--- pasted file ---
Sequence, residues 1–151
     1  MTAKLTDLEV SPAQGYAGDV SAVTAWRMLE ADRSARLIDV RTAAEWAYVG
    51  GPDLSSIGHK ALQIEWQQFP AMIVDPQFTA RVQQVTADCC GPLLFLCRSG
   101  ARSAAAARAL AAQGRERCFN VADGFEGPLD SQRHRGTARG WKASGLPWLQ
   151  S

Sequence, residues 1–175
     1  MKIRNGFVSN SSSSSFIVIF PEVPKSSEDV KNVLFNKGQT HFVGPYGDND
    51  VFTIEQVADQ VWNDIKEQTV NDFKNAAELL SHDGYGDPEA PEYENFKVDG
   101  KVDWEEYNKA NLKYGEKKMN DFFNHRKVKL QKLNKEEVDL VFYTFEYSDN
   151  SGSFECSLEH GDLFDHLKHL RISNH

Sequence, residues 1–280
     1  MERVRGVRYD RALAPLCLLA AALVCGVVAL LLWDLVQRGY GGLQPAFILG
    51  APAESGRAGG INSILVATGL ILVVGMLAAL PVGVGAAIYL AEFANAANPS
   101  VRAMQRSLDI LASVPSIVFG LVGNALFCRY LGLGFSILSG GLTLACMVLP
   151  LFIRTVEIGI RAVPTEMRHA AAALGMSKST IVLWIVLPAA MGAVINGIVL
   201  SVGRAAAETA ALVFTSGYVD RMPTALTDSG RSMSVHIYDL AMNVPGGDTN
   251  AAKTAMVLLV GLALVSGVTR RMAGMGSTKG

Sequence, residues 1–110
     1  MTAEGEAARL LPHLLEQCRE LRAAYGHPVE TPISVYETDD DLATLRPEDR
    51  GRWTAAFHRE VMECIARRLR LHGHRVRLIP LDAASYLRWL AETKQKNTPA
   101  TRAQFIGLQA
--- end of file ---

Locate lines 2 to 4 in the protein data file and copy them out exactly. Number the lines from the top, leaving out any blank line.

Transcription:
     1  MTAKLTDLEV SPAQGYAGDV SAVTAWRMLE ADRSARLIDV RTAAEWAYVG
    51  GPDLSSIGHK ALQIEWQQFP AMIVDPQFTA RVQQVTADCC GPLLFLCRSG
   101  ARSAAAARAL AAQGRERCFN VADGFEGPLD SQRHRGTARG WKASGLPWLQ